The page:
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Springville-Griffith schools trying again with scaled-down capital project

You can’t get a much more overwhelming rejection than 81 percent to 21 percent, which was the vote when Springville-Griffith Institute Central School District voters turned down a $38.7 million capital project in December.

“That’s a pretty clear message from our taxpayers,” Superintendent Kimberly S. Moritz said.

The School Board is looking at a scaled-down project totaling $28.22 million.

Gone are the $11 million new gym, locker rooms, fitness room and indoor track at the high school, and some of the other amenities at the district’s other schools.

“What we heard overwhelmingly and repeatedly is that our voters would support a project that addresses the necessities of caring for our facilities and grounds, without any controversial ‘extras,’ ” Moritz wrote on the district website, and on her blog,

She unveiled the new proposal at last week’s School Board meeting, and a community meeting is planned at 6 p.m. next Tuesday in the high school library media center.

The district knocked things out of the project, and added a few items in, for a net decrease of about $10 million. Because most of the project – more than the last proposal – will receive state aid, the projected cost to the property owner is less, too. The cost to the owner of a $100,000 house would be an extra $25 a year, compared with nearly $48 for the defeated project.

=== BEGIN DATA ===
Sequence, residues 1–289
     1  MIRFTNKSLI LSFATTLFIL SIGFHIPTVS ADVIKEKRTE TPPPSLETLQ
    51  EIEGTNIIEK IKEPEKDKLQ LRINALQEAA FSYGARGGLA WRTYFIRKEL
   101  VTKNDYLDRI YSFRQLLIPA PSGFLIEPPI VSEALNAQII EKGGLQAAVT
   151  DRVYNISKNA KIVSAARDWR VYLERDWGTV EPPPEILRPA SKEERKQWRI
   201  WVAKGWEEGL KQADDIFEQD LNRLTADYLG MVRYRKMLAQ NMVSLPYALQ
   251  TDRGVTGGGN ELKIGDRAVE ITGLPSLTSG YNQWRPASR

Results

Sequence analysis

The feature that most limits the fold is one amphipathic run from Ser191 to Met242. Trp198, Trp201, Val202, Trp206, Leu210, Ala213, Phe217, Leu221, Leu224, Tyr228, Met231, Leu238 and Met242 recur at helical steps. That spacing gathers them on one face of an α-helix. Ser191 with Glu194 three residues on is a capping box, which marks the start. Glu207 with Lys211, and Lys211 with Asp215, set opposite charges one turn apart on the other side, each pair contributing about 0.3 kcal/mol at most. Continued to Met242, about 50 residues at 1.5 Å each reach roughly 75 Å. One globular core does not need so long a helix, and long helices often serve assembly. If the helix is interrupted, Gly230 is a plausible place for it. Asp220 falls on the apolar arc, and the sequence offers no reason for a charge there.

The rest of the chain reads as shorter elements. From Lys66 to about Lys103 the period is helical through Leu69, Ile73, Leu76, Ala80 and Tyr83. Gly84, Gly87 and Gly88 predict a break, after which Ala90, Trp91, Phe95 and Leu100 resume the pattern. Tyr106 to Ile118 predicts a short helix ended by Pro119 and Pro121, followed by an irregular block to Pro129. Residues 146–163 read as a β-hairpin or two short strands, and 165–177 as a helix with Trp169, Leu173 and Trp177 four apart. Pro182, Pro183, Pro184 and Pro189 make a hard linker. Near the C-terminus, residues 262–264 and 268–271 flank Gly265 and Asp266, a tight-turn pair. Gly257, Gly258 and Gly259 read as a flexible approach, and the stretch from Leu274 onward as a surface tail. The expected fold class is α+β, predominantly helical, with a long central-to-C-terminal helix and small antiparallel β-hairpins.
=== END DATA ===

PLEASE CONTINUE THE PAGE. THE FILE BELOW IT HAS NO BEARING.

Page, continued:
Moritz said she wants to hear what the voters think about the proposal before they vote on it, and she is available to meet with groups to answer questions on the proposals. She hopes that the board will approve it at its August meeting and that residents will vote in the fall.

“Almost everything in the project are things we have to do to take care of the place,” the superintendent said.

This means that roofs, sidewalks and parking lots are still in but that relocating school offices closer to the door is out. Those moves are expensive, require building new offices when existing ones are adequate, and often offer a false sense of security, she said. The most pressing need in the district is a new roof at Springville Elementary, she said. It was not included in the December project, but is in the new one.

“The best security measures we can possibly implement are those that require frequent drills so that everyone in the system knows the best way to behave in an emergency, how to think on their feet and how to follow the protocols put into place by building and district safety plans,” she said on the blog.

The proposed work includes $1.55 million at Colden Elementary, $6.52 million at Springville Elementary, $9.51 million at Springville Middle, $8.63 million at the high school and $664,000 in the district office and other buildings.